The Qualities Of A Citizen

Author: Martha Mabie Gardner
Publisher: Princeton University Press
ISBN: 9780691089935
Size: 36.87 MB
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"The Qualities of a Citizen" traces the application of U.S. immigration and naturalization law to women from the 1870s to the late 1960s. Like no other book before, it explores how racialized, gendered, and historical anxieties shaped our current understandings of the histories of immigrant women. The book takes us from the first federal immigration restrictions against Asian prostitutes in the 1870s to the immigration "reform" measures of the late 1960s. Throughout this period, topics such as morality, family, marriage, poverty, and nationality structured historical debates over women's immigration and citizenship. At the border, women immigrants, immigration officials, social service providers, and federal judges argued the grounds on which women would be included within the nation. As interview transcripts and court documents reveal, when, where, and how women were welcomed into the country depended on their racial status, their roles in the family, and their work skills. Gender and race mattered. The book emphasizes the comparative nature of racial ideologies in which the inclusion of one group often came with the exclusion of another. It explores how U.S. officials insisted on the link between race and gender in understanding America's peculiar brand of nationalism. It also serves as a social history of the law, detailing women's experiences and strategies, successes and failures, to belong to the nation.

The Qualities Of A Citizen

Author: Martha Gardner
Publisher: Princeton University Press
ISBN: 9781400826575
Size: 52.43 MB
Format: PDF, Docs
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The Qualities of a Citizen traces the application of U.S. immigration and naturalization law to women from the 1870s to the late 1960s. Like no other book before, it explores how racialized, gendered, and historical anxieties shaped our current understandings of the histories of immigrant women. The book takes us from the first federal immigration restrictions against Asian prostitutes in the 1870s to the immigration "reform" measures of the late 1960s. Throughout this period, topics such as morality, family, marriage, poverty, and nationality structured historical debates over women's immigration and citizenship. At the border, women immigrants, immigration officials, social service providers, and federal judges argued the grounds on which women would be included within the nation. As interview transcripts and court documents reveal, when, where, and how women were welcomed into the country depended on their racial status, their roles in the family, and their work skills. Gender and race mattered. The book emphasizes the comparative nature of racial ideologies in which the inclusion of one group often came with the exclusion of another. It explores how U.S. officials insisted on the link between race and gender in understanding America's peculiar brand of nationalism. It also serves as a social history of the law, detailing women's experiences and strategies, successes and failures, to belong to the nation.

Woman Suffrage And Citizenship In The Midwest 1870 1920

Author: Sara Egge
Publisher: University of Iowa Press
ISBN: 1609385586
Size: 19.37 MB
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Historian Sara Egge offers critical insights into the woman suffrage movement by exploring how it emerged in small Midwestern communities—in Clay County, Iowa; Lyon County, Minnesota; and Yankton County, South Dakota. Examining this grassroots activism offers a new approach that uncovers the sophisticated ways Midwestern suffragists understood citizenship as obligation. These suffragists, mostly Yankees who migrated from the Northeast after the Civil War, participated enthusiastically in settling the region and developing communal institutions such as libraries, schools, churches, and parks. Meanwhile, as Egge’s detailed local study also shows, the efforts of the National American Women’s Suffrage Association did not always succeed in promoting the movement’s goals. Instead, it gained support among Midwesterners only when local rural women claimed the right to vote on the basis of their well-established civic roles and public service. By investigating civic responsibility, Egge reorients scholarship on woman suffrage and brings attention to the Midwest, a region overlooked by most historians of the movement. In doing so, she sheds new light onto the ways suffragists rejuvenated the cause in the twentieth century.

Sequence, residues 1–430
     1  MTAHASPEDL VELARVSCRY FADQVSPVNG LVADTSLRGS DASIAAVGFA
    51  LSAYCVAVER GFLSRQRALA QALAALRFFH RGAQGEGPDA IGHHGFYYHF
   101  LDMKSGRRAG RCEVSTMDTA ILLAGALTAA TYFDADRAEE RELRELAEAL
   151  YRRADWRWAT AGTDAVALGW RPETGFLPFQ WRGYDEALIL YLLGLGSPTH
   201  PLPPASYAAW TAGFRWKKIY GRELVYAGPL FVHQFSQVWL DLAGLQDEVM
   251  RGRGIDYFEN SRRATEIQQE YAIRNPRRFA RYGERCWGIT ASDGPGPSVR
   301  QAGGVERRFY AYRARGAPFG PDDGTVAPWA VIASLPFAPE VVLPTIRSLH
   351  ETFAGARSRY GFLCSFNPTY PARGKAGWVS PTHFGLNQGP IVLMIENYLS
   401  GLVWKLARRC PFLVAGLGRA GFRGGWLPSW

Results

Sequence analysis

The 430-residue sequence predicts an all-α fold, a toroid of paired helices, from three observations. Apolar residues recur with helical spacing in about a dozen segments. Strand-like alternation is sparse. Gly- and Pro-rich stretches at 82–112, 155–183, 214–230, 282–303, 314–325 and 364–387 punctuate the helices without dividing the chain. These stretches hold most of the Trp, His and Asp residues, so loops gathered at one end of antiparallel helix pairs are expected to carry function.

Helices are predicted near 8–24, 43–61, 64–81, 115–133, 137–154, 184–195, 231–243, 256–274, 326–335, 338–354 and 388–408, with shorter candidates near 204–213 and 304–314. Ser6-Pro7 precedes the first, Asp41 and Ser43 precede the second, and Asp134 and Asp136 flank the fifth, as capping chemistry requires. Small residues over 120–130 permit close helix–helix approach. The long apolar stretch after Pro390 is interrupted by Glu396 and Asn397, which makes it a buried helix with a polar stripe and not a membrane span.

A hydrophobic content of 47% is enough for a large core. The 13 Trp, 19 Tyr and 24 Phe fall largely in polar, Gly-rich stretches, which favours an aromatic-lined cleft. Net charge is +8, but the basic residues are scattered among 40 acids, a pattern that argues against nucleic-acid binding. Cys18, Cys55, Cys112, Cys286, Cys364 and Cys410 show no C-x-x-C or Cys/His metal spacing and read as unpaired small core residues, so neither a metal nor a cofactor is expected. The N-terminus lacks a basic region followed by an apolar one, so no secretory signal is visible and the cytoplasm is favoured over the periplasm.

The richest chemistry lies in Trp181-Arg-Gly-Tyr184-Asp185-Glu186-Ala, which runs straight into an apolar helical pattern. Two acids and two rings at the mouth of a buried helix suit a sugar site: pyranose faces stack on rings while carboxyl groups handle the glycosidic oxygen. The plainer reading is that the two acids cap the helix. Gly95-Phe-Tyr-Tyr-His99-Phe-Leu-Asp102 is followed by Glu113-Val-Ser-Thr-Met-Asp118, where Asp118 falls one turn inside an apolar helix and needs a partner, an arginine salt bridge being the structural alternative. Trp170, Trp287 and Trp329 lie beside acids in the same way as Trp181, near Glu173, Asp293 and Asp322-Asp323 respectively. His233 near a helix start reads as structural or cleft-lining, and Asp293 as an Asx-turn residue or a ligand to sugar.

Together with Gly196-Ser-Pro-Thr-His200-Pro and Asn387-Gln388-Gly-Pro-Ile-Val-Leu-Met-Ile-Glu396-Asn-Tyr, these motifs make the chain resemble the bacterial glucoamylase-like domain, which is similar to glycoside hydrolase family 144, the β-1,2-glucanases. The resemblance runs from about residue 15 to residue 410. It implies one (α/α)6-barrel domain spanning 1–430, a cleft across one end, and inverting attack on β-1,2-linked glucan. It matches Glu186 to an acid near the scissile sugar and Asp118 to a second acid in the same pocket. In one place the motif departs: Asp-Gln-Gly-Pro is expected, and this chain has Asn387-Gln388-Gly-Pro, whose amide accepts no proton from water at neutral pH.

Immigration Incorporation And Transnationalism

Author: Elliott Robert Barkan
Publisher: Routledge
ISBN: 1351513362
Size: 73.52 MB
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Immigration, Incorporation and Transition is an intriguing collection of articles and essays. It was developed to commemorate the twenty-fi fth anniversary of The Journal of American Ethnic History. Its purpose, like that of the Immigration and Ethnic History Society, is to integrate interdisciplinary perspectives and exciting new scholarship on important themes and issues related to immigration and ethnic history.

Immigrant Minds American Identities

Author: Orm Øverland
Publisher: University of Illinois Press
ISBN: 9780252025624
Size: 77.12 MB
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Focusing on a period of American history marked by a sharp division between Anglo-Americans ("Americans") and non-Anglo European immigrants ("foreigners"), Orm Overland examines the creation and dissemination of "homemaking myths": stories that weave immigrants into the basic fabric of America by linking them to the pivotal events and ideas of their new homeland.Devised by middle-class ethnic leaders and spread through ethnic media, banquets, and rallies, homemaking myths uncovered a role for immigrants in the nation's founding, a place of honor in the nation's wars, and traces of American democratic political ideology in the immigrants' ethnic past. These stories proclaim that immigrants, in the person of their ancestors, disembarked from Christopher Columbus's ships, fought for victory over the Axis, and brought American values of freedom and democracy from their native lands. By virtue of their ethnic group's contributions, these myths maintain, non-Anglo European immigrants came to America not as foreigners but as ready-made ideal citizens of the Republic.Overland shows that the plots and themes of homemaking myths share so many characteristics that they must be considered an American phenomenon rather than one peculiar to an individual ethnic group. As a symbol of the immigrant's insider status, these stories have played a crucial role in forming American ethnic identities and in carving out a place for immigrants in an Anglo-dominated society.